ADHD In Women

Portrait Of Female Friends Gathered On Rooftop Terrace For Party With City Skyline In Background

ADHD In Women


The diagnosis of ADHD in females is overlooked partly due to the condition being more commonly diagnosed in males. Most females are not diagnosed with ADHD until adulthood.

Statistically, only 4.9% of women are diagnosed with ADHD in comparison to 12.9% of men.

Female celebrities who have ADHD or ADD include Karina Smirnoff (‘Dancing with the Stars’ performer), Paris Hilton (socialite), Simone Biles (Olympic gymnast) and Solange Knowles (singer, songwriter and sister of Beyoncé Knowles).

If females are diagnosed with ADHD in childhood, they may show signs of struggling whilst at school such as being unable to concentrate, focus and pay attention and being unable to remain seated for prolonged periods of time during class. In adulthood, females can experience problems at work such as poor management of paperwork and record-keeping and keeping up with the demands of their jobs. They can even have problems at home such as struggling to keep on top of household chores and managing their finances.

Even if women with ADHD can have trouble at work, they are more likely to have trouble at home or in social situations. They can even “space out” during conversations rather than interrupt them.

Women who have ADHD may experience issues such as compulsive overeating, substance abuse and sleep deprivation. They are also more likely to experience dysphoria (unpleasant mood), low self-esteem, stress, anxiety and depression than men with ADHD can. In order to cope with these issues, women have a higher likelihood of using emotion-oriented strategies such as self-protective measures for stress management as opposed to using task-oriented strategies such as taking action to solve their problems.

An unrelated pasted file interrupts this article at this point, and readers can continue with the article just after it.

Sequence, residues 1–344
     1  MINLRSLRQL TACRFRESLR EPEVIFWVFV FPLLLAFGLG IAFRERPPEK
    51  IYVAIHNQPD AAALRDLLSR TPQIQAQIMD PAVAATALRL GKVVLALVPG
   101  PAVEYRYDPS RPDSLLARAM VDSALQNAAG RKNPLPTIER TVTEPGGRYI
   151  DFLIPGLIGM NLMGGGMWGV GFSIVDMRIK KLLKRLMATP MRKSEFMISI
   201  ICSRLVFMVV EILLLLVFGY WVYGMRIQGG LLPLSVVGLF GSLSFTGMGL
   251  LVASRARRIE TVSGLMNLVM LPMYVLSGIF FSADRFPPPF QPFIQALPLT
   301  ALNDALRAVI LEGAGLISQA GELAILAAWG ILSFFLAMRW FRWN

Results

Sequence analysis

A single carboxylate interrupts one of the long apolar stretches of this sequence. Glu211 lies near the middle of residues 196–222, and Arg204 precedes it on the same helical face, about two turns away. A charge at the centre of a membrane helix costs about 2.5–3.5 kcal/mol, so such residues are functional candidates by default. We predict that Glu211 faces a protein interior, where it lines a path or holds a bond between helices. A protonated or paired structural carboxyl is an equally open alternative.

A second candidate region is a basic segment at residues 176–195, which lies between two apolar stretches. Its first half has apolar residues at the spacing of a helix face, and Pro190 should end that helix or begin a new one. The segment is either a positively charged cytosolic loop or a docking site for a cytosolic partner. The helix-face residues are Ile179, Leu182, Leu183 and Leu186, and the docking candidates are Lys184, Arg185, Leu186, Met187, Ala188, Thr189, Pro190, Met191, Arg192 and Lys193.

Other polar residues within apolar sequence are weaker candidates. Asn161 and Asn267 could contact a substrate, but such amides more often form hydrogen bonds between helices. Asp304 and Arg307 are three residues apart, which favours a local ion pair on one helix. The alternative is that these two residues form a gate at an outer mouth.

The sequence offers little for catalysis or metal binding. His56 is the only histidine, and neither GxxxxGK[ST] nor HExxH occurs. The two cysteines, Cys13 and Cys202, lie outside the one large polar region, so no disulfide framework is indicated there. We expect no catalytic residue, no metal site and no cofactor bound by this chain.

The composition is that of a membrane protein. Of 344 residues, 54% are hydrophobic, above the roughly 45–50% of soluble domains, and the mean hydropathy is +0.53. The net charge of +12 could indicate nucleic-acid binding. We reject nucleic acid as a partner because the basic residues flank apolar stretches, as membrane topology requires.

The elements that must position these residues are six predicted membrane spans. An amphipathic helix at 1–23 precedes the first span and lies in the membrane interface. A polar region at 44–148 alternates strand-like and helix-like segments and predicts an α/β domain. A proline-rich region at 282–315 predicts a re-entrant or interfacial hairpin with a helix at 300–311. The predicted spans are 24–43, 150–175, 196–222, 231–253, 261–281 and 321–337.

In numerous cases, women who are mothers only recognise their own experiences with ADHD after their children are diagnosed with it. This also shows that ADHD is hereditary.

Women with ADHD can find it difficult to find a professional “who can find appropriate treatment” for their condition. They can also have more complicated medication issues than men who have ADHD.

Women who have ADHD may find the following treatment approaches helpful:

1) Parent training
2) Group therapy
3) ADHD coaching
4) Professional organising
5) Career guidance including services provided by Exceptional Individuals

There are many other ways in which women with ADHD can help themselves such as understanding and accepting their challenges instead of blaming themselves; identifying stressors and lowering their stress levels; simplifying their lives; seeking “structure and support from family and friends;” getting expert parenting advice; creating an ADHD-friendly family that co-operate and support one another; scheduling some time alone for themselves; developing healthy self-care habits such as getting enough sleep and exercise and having good nutrition, and focusing on the things they love.

If ADHD is undiagnosed and untreated, it can cause “substantial mental health and education implications.” Women getting a formal diagnosis of ADHD is very important, especially if it addresses symptoms and other issues “with functioning and impairment.” This will “help determine appropriate treatment and strategies” for each individual woman with ADHD.


CHADD article about Women and Girls:

The A.D.D. Resource Centre’s page on ADHD numbers and statistics:

Healthline’s 9 Celebrities with ADHD:

How to ADHD’s ADHD in Girls: How to Recognize the Symptoms:

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